Wednesday, December 21, 2011

Educating our Children in Islamic Values

Last night I tuned into 99.5 FM where they held a show about Educating our Children in Islamic Values. You can listen to the show using the link the below.

On the show 3 leading Educators came to discuss three different methods of educating Muslim children: Public School, Islamic School, and Homeschooling. Some interesting issues were brought up, for example, the Public School speaker felt that more Muslims children should be in the public school systems in order to be a stronger part of the community and to be able to have a stronger sense of self-identity since day in and day out they are interacting with multi-cultural and multi-faith children. I too believe that that is an important factor, however it poses other serious issues. For instance, children in public schools are exposed to much more than their islamic private school peers. I went to public school my whole life, and was exposed to dating and alcohol in 5th grade. I remeber being so uncomfortable as child being in these situations where I would witness my friends drinking and not knowing what to do about it even though I knew it was wrong. By the 8th grade dating had taken a turn from the innocent boy girl crush to exposure to physical dating where it became about kissing and such things. Some of my friends had even become sexually active by the 8th grade and I even experienced a friend of mine who became pregnant and had to have an abortion without her parents or the boy ever finding out about it! Can you imagine this! It was traumatic being exposed to all this at such an early age, not to mention the struggle with being part of those who chose not to engage in this type of behavior. You would be labeled as prude and called names because you were not following in the footsteps of your peers.Once I got to highschool it was all about being popular, being involved in sports and of course dating the popular boys or girls and now the introduction to homosexuality, and recreational drugs such as marajuana, ecstacy, cocaine, mushrooms, acid, etc. You name it and kids were experimenting with it. Alcohol at the highschool level becomes a norm and in college becomes a social networking tool. I considered myself a loner in highschool and never really cared to be apart of these groups but the pressure was there nontheless and learning how to cope in certain situations without guidance was extremely difficult.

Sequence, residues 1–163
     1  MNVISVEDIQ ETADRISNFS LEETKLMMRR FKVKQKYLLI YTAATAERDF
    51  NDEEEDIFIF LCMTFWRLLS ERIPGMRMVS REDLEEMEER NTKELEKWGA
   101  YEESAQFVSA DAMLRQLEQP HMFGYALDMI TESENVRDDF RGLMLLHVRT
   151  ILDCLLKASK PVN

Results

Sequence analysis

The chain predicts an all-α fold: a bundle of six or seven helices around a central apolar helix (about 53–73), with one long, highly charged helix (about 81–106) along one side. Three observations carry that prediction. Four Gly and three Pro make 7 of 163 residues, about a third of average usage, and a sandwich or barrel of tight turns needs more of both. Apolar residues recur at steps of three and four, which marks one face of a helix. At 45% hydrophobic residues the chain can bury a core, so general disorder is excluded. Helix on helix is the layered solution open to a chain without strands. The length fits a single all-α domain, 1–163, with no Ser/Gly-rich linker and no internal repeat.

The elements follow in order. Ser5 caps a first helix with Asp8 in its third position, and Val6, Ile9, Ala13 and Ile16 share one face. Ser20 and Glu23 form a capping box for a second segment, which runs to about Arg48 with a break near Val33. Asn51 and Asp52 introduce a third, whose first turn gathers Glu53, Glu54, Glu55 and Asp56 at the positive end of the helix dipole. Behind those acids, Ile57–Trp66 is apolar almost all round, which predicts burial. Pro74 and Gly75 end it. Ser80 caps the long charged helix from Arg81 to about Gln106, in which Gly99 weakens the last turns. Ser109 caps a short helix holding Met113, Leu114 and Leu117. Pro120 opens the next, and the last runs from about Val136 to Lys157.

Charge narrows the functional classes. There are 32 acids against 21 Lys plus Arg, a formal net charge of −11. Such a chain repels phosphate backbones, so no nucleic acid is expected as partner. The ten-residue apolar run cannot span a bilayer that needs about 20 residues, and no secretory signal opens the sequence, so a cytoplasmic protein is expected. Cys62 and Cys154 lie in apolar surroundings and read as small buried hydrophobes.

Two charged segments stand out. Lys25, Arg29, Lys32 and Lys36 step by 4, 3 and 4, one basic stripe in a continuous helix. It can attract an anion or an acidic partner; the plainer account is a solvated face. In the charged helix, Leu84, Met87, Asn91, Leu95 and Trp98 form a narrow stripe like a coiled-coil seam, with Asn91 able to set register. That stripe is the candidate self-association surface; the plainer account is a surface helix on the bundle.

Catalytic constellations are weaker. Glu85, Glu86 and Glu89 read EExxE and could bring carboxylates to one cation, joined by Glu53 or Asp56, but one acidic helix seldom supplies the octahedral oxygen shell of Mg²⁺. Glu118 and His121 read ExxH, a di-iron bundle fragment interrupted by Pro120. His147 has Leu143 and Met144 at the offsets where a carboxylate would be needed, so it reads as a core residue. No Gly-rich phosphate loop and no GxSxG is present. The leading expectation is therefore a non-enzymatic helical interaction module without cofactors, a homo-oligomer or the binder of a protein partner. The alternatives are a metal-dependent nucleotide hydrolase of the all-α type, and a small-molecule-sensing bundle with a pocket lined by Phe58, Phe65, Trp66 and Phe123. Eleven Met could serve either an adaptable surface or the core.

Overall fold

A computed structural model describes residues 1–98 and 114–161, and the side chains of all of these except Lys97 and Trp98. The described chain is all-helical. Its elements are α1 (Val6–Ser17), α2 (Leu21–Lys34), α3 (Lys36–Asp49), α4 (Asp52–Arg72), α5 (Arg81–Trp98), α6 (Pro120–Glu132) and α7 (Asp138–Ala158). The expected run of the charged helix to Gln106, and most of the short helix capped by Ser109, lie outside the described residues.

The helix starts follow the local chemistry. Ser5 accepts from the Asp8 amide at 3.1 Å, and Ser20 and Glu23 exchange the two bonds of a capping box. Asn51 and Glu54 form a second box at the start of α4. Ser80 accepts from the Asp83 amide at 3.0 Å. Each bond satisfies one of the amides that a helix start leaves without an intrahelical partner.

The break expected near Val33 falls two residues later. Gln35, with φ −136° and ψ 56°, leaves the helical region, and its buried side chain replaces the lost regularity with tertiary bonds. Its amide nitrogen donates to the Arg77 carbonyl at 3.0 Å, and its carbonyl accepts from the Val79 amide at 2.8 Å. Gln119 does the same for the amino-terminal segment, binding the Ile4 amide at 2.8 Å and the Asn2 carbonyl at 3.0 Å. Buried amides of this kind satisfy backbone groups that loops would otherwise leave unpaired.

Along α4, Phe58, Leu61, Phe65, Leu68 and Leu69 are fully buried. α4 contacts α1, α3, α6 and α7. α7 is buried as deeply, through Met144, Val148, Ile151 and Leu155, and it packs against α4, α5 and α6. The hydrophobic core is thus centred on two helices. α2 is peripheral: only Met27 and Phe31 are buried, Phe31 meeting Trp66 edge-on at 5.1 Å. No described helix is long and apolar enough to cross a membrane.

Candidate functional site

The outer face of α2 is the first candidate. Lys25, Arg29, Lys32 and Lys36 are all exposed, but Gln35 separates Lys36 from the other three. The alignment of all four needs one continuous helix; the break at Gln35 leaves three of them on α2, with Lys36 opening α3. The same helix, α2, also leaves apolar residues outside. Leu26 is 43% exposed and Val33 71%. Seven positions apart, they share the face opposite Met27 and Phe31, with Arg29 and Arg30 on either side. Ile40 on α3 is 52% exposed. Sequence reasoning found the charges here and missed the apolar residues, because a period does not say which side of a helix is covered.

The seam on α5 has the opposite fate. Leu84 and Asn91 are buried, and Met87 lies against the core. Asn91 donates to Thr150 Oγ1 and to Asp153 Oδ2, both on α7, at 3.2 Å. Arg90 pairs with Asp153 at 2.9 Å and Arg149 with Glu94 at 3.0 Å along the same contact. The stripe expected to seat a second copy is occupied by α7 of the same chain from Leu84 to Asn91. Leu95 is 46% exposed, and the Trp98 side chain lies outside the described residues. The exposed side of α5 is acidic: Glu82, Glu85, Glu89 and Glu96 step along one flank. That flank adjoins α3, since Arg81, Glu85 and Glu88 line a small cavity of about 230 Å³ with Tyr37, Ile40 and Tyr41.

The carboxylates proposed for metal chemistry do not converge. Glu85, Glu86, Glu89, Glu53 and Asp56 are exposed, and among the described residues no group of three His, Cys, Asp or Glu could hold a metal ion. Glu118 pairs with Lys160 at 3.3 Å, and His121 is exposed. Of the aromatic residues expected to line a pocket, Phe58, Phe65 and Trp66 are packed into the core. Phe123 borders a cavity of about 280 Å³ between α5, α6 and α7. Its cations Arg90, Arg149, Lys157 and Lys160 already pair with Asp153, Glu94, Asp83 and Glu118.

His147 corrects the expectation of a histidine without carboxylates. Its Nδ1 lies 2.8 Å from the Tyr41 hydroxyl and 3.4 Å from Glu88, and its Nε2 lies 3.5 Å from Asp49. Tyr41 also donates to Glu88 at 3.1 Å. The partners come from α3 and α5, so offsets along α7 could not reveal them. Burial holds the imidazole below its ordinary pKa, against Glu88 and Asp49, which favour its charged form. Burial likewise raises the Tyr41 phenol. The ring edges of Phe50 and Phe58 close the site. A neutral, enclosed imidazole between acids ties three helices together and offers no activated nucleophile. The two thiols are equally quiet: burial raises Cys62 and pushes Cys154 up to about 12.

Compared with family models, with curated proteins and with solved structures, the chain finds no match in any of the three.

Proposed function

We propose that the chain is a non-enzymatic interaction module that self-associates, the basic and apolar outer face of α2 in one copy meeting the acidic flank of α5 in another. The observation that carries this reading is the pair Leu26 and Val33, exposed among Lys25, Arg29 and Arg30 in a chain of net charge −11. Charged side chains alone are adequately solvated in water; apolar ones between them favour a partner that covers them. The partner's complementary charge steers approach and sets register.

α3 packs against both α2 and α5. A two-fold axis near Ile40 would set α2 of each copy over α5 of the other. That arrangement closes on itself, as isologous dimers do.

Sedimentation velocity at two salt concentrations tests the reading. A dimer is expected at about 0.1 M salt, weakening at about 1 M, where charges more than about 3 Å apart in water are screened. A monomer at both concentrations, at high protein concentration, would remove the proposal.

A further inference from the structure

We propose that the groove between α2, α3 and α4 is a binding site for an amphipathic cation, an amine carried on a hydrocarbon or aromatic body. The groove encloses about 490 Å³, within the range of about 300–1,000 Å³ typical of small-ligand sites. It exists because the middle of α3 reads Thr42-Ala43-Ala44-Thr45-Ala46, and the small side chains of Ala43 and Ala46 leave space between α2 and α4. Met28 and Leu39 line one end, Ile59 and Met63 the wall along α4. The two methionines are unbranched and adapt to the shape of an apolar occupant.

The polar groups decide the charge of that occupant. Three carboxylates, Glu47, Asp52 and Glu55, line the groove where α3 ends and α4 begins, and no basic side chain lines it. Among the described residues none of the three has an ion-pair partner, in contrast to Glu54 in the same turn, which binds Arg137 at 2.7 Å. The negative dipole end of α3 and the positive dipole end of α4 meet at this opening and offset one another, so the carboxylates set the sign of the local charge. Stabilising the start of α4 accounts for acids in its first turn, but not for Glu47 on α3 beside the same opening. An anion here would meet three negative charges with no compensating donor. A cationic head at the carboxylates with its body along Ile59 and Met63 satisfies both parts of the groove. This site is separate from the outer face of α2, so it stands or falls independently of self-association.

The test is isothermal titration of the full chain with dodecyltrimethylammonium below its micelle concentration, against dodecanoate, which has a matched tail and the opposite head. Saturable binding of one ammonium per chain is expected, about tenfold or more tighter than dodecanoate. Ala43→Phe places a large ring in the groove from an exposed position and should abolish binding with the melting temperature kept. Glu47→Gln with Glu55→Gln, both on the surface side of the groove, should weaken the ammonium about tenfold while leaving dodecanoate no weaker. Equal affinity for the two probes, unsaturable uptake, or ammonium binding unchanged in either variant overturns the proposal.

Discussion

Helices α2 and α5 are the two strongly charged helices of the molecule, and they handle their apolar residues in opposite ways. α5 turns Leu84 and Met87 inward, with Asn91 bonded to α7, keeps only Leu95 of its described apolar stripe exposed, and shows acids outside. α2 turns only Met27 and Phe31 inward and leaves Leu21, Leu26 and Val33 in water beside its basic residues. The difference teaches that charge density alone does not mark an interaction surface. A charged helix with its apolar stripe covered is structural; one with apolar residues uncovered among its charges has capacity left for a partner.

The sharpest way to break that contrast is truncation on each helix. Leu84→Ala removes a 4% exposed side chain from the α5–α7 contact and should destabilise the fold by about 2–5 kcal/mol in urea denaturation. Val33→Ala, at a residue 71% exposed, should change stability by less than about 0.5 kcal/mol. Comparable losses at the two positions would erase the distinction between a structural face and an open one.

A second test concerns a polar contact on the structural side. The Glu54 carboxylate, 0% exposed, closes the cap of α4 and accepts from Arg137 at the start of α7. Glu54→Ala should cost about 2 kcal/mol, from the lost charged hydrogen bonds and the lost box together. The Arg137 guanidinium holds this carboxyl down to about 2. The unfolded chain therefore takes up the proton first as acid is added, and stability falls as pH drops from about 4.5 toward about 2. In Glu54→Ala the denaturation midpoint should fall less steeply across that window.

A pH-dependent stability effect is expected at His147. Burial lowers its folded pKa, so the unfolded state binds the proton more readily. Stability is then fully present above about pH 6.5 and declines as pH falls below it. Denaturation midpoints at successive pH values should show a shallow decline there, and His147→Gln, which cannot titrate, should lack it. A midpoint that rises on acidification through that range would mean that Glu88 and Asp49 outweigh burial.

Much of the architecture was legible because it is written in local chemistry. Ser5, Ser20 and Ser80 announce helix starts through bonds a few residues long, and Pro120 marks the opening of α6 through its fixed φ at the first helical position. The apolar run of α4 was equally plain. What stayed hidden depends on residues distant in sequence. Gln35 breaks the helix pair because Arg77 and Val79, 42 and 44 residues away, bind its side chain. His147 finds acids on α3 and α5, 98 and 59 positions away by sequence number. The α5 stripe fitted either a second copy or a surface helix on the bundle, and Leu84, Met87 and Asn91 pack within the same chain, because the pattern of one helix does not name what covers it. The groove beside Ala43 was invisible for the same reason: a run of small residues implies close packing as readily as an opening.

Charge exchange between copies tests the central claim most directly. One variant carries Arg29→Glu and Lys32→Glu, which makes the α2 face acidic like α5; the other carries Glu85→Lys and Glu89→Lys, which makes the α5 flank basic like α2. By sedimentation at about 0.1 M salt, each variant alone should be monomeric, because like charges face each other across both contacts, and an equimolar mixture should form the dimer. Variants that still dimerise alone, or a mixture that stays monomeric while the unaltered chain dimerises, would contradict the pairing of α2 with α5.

Most people think that by placing their children in an Islamic School system that they are protecting their kids from these types of experiences and issues, and to some extent the Islamic school does provide some protection from these issues and also provides daily guidance in islamic studies classes, Friday khutbas, studying Quran and of course the muslim teachers who are there to help kids with any issues they may be having. They are also surrounded by other muslim kids on a daily basis most of whom come  from practicing families, all of these factors give these kids less exposure to these issues therefore they experience less peer pressure. On the other hand, as a former teacher of an Islamic School I was aware that many kids were going through some of the same issues experienced in the public schools such as dating  in secret, homosexuality, bullying, low level sexual experimentation, and alcohol. So what exactly are the kids protected from you ask? Well, for one thing, they are not exposed to these things until the highschool level at least, and for the most part, it is a a very, very small number of kids who are engaging in these activites, and kids who were doing these things do them in secret as to protect their reputations and the reputations of their families so other students remain protected from the influence and pressure. Most of these kids are also very aware of the fact they are doing something wrong, but their curiosity gets the best of them, so they constantly struggle within themselves and ask Allah for forgiveness. My point here is that these issues regardless of what school you put your kids in are very real, and they will be exposed to them at some point, so it's important to maintain an open relationship with your kids and keep communicating with them. It is also important to keep a home that enforces strong Islamic values, because the school will not raise your children for you.